On the nonfiction front, EpicSFF's recommendations include "Natural Capitalism: Creating the Next Industrial Revolution" by Paul Hawken, Amory Lovins and L. Hunter Lovins. Considering Hurricane Katrina's impact on oil prices, it might be worth checking out yet another book project in which the Rocky Mountain Institute's Amory Lovins played a role: "Winning the Oil Endgame." The book received a strong recommendation just last week from Newsweek's Fareed Zakaria .

Do you have your own recommendations for scientifically instructive eco-tales, or do you have gripes about eco-themed novels that get the science wrong? Send them in, and I'll pass them along for fellow members of the Cosmic Log Used Book Club.

Aug. 30, 2005 | 7:35 p.m. ET
A flag for outer space? Michael Huang writes from Australia about an idea to have space exploration enthusiasts rally round the flag ... literally. In his view, a special Space Flag could serve as a tool to publicize and symbolize the case for human spaceflight and colonization. Read his article in The Space Review, check out "The Space Flag" Web site and let me (or him) know what you think.

"I would be happy to receive feedback; either positive or negative, I don't mind," he says. "The Space Flag may remind some people of the Mars tricolor flag that is currently used by the Mars Society."

Aug. 30, 2005 | 7:35 p.m. ET
L-5 revival: NBC News space analyst James Oberg says he's made a happy discovery:

"The strange and wonderful 'L5' organization, devoted to space colonies a la Gerard O'Neill, had a high-octane newsletter, and I've just found PDF files of some of the years of issue on line. You may recognize some of the contributors. This link gets you into the archive, and you can navigate from there."

Indeed, among the L5 Society's board members from the 1970s are such past luminaries as Isaac Asimov and Robert Heinlein, as well as writers who are still with us, such as Space.com's Leonard David ... and some guy named Oberg.

Aug. 30, 2005 | 7:35 p.m. ET
Scientific smorgasbord on the World Wide Web:
National Geographic: Build your own hurricane
New Scientist: Most scientific papers are probably wrong
Bulletin of the Atomic Scientists: Requiem for an office
Send your name to Pluto (via Slashdot)

Aug. 29, 2005 | 10:45 a.m. ET
See the storm from space: As Katrina marches northward, you can follow its progress using our "Hurricane Tracker." But if you're looking for an abundance of raw satellite imagery, NASA and the National Oceanic and Atmospheric Administration deliver the goods.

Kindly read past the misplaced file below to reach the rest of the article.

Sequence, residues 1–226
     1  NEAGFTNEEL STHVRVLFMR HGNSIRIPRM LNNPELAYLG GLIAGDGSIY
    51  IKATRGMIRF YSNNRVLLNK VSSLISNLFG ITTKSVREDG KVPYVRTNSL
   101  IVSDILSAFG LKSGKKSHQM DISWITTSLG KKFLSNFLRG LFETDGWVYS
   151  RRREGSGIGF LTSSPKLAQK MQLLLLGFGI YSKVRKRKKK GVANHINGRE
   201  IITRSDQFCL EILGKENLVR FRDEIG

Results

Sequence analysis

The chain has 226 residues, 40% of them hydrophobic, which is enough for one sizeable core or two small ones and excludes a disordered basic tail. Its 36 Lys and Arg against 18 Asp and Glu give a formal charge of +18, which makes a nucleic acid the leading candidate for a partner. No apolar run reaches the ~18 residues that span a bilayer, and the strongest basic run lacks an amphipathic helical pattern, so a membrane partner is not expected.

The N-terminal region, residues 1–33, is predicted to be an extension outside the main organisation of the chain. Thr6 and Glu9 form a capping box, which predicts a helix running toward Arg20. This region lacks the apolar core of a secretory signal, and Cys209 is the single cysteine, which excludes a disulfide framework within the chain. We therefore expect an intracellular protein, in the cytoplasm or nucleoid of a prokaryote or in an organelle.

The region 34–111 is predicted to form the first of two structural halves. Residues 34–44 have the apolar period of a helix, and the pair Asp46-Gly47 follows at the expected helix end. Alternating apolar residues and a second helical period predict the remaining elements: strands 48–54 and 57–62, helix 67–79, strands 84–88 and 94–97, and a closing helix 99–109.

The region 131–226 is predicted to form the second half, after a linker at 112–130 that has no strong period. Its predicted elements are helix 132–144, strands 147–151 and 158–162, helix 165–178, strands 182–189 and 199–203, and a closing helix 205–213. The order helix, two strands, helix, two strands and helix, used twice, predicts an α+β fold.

NOAA has a whole Web page with links to the latest imagery as well as "loops" showing the storm's movement inland. The best views are from satellites focusing on the Gulf of Mexico, particularly the GOES imagery. You can even spot Katrina's eastward jog, which was welcome news for New Orleans.

NASA, meanwhile, has set up its own hurricane resource page, linking to imagery from the MODIS spectrometers aboard the Terra and Aqua satellites and from the QuikSCAT scatterometer satellite.

The Naval Research Laboratory is also passing along satellite views of the storm, from QuikSCAT and Aqua as well as a other weather-monitoring spacecraft, with "freshness indicators" showing how long ago the latest pictures were taken.

As time goes on, there will surely be more imagery from the international space station and other vantage points — and NASA's Earth Observatory is the place where the best satellite views eventually end up.

To delve beneath the surface and learn more about the science of hurricanes, check out our interactive tutorial on the "Birth of a Hurricane" — and stay tuned for further updates as the day goes on.

Looking for older items? Check the Cosmic Log archive. Share your perspective on cosmic subjects with Alan Boyle. If you link to this page, you can use http://cosmiclog.msnbc.com or http://www.cosmiclog.com as the address. MSNBC is not responsible for the content of Internet links.